Timeline for the fall of the Dragon

By Phil Plait | May 30, 2012 2:06 pm

Tomorrow morning, Thursday May 31, the SpaceX Dragon capsule will undock from the International Space Station, perform a series of maneuvers, and then come back home to Earth. Over at The Planetary Society Blog, Jason Davis has a great writeup giving the times of the key events.

The preliminary stuff happens in the middle of the night for me in Colorado, but the actual descent to Earth happens at a much more palatable time. At 14:51 UTC (10:51 a.m. Eastern US time) the Dragon will begin the deorbit burn, dropping it lower in orbit. Less than an hour later, at 15:44 UTC it is scheduled to splash down in the Pacific ocean about 900 km (540 miles) off the coast of Los Angeles in California.

This will all be covered by various live webstreams, including NASA TV. I’ll be on Twitter as early as I can and I’ll update this post with more video streams as I hear of them.


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CATEGORIZED UNDER: Cool stuff, NASA, Space
MORE ABOUT: Dragon capsule, ISS, SpaceX

Comments (23)

  1. Chris

    They should so have a guy in armor with a sword on a horse to capture the dragon.

  2. Jeff

    So what sort of assets does SpaceX have in place to retrieve the capsule?

  3. gopher65

    Phil: Did you know NASA is commissioning a new Dragon capsule for each and every resupply mission to the ISS? 2 test capsules and 12 mission capsules. No reuse:P. SpaceX says they may well reuse the 12 mission capsules for other non-NASA missions later on (DragonLab missions were specifically mentioned as a possibility in the interview I saw), with the 2 test capsules likely going on display.

  4. gopher65

    Jeff: SpaceX contracts with a company that will retrieve the capsules for them. They don’t have to worry about it. NASA also provides air support with 2 aircraft watching the incoming capsule (and SpaceX has their own aircraft to complement the 2 NASA provided planes).

  5. Cairnos

    Guess this’ll be the big test for using it to transport personell.

  6. gss_000

    Speaking about reusability, I wonder how they are progressing on making their Falcon 9 stages more reusable. I think it was by flight 6 they were supposed to be able to reuse the first stage(?) but I’ve heard no word on that. A lot of their costs estimates are tied to items like this so I’m really hoping they can do it, but having followed the company for years they fail as hard as other companies when it comes to schedule estimates.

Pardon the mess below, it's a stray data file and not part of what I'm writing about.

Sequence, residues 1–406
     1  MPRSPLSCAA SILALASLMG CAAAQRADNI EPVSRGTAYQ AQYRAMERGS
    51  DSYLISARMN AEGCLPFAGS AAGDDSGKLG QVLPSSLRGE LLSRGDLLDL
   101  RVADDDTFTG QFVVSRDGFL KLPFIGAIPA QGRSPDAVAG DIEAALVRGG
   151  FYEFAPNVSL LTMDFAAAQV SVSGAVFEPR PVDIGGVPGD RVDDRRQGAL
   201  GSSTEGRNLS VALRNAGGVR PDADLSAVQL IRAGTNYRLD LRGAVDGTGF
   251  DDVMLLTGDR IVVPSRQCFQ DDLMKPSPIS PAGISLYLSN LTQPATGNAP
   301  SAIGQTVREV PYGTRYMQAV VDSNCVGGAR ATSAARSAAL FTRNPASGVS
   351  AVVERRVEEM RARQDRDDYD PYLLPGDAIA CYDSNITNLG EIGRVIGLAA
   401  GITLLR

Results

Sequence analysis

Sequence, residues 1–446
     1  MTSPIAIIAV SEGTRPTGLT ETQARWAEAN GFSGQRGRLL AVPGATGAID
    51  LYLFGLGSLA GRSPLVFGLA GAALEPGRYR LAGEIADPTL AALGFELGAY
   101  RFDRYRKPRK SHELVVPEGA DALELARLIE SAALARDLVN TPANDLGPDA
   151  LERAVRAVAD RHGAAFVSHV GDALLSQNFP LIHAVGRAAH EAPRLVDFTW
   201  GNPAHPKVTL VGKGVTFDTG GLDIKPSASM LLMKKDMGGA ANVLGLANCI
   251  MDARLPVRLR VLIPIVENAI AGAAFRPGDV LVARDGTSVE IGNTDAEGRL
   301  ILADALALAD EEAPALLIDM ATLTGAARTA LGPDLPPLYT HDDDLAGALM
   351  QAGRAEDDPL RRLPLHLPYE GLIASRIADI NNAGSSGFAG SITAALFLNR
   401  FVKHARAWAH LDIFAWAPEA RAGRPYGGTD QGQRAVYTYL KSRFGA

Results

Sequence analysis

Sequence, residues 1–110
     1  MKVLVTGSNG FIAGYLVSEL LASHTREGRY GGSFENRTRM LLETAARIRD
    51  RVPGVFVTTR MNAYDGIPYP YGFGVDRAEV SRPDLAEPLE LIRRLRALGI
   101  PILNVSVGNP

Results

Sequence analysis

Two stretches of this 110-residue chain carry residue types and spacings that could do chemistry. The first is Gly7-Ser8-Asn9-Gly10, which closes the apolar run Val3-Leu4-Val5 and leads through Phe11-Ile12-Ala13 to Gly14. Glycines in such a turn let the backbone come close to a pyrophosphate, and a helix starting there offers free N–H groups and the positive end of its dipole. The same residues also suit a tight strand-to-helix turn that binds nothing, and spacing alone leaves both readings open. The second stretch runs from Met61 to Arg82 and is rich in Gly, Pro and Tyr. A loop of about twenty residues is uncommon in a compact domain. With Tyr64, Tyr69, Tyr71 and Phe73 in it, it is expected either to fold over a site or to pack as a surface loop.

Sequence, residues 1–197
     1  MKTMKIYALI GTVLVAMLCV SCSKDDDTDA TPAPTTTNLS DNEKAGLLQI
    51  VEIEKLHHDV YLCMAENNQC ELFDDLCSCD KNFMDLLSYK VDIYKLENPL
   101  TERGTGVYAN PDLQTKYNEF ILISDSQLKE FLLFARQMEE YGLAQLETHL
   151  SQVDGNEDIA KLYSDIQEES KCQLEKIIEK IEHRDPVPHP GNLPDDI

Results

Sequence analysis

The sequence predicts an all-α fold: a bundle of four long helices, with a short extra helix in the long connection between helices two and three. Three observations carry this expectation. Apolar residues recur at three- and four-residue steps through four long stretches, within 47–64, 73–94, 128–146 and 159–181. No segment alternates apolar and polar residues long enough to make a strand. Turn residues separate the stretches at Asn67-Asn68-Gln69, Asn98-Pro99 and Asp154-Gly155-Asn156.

Still, looking forward to the US regaining downmass capabilities we lost with the shuttle. Too bad we’re not close to regaining orbital construction. One day.

  7. Calli Arcale

    I remain skeptical of reusable stages; I’m glad they decided not to try to do that all right away. I don’t blame NASA for paying for all new capsules each time — it reduces their risk, and hey, it’s still a good deal. ;-) I hope SpaceX is able to refurbish and refly them on other missions; I’m hopeful that a real manned space industry will develop from these beginnings.

  8. Marshall

    A SpaceX news release posted at SpaceRef has some more details on the recovery plan. See http://spaceref.com/news/viewpr.html?pid=37234 . In particular, it says there will be about a dozen SpaceX personnel on the boats waiting to retrieve it, so it’s a bit of hyperbole to say “They don’t have to worry about it.”

    For the reusability – keep an eye on their Grasshopper prototype, currently sitting on a launch pad in Texas. This is their test rig for vertical controlled rocket landings, and they’ve filed plans with the FAA for something like 70 test flights a year (launch, fly up between a few hundred feet and a few thousand feet, then land back on the pad). Sounds like they’re aiming to have some serious landing practice in short order before trying with the F9.

  9. Ferris Valyn

    gss_ooo – Other people have been wondering that as well. Rand Simberg, another space report/activist, asked someone from SpaceX recently.

    Here is what Mr. Simberg reported

    “As I suspected, [the SpaceX rep] told me that they’re not worrying about recovery of the first stage right now, and probably won’t until they start to attempt to fly it back, pending results of the Grasshopper flights.”